Motivating Information Technology Professionals: The case of New Zealand
AbstractIT professionals play a critical role in organizations. Research indicates that they may be unique in their attitudes toward motivation and job satisfaction. In New Zealand, a shortage of skilled professionals may contribute to or impact on motivation. Using a modified model of Herzberg’s two-factor theory by Smerek and Peterson (2007), this research seeks to answer the question: what motivates New Zealand IT professionals? In response, an online questionnaire was distributed to a population of New Zealand IT professionals and the data analysed using Partial Least Squares to understand the relationship between the various dimensions of job satisfaction, the impact of personal and job characteristics, and turnover intention. The findings show that the New Zealand IT professional is primarily motivated by the nature of his or her work, followed by perceptions of responsibility, and how supervisors encourage an environment for such. Satisfaction with salary is a predictor to a lesser degree. Perhaps somewhat surprisingly, professional growth opportunities, career advancement, and recognition do not have a statistically-significant positive association with motivation. We conclude that, to motivate their IT workforce, organizations should: 1) focus on the nature of the jobs that IT professionals undertake; 2) train supervisors to provide an empowering environment; 3) offer competitive salaries to retain top talent; 4) not hesitate to employ IT professionals born outside New Zealand; and 5) take account of the singularities of the New Zealand labour market in seeking to attract, recruit and retain IT professionals. Implications for policy, practice and theory are discussed.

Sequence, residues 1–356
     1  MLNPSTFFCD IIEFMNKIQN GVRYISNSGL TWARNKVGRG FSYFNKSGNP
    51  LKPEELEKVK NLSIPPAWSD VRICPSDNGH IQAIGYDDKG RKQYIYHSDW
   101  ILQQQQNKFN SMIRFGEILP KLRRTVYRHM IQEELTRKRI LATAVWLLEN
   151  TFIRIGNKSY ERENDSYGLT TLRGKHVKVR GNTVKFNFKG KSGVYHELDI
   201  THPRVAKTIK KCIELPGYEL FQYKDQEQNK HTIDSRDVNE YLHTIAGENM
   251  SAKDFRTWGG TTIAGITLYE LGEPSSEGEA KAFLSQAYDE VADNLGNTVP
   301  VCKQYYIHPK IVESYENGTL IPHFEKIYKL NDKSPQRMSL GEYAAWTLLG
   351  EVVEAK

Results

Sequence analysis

Copyright (c) 2017 Shoaib Ahmed, Nazim Taskin, David J. Pauleen, Jane Parker
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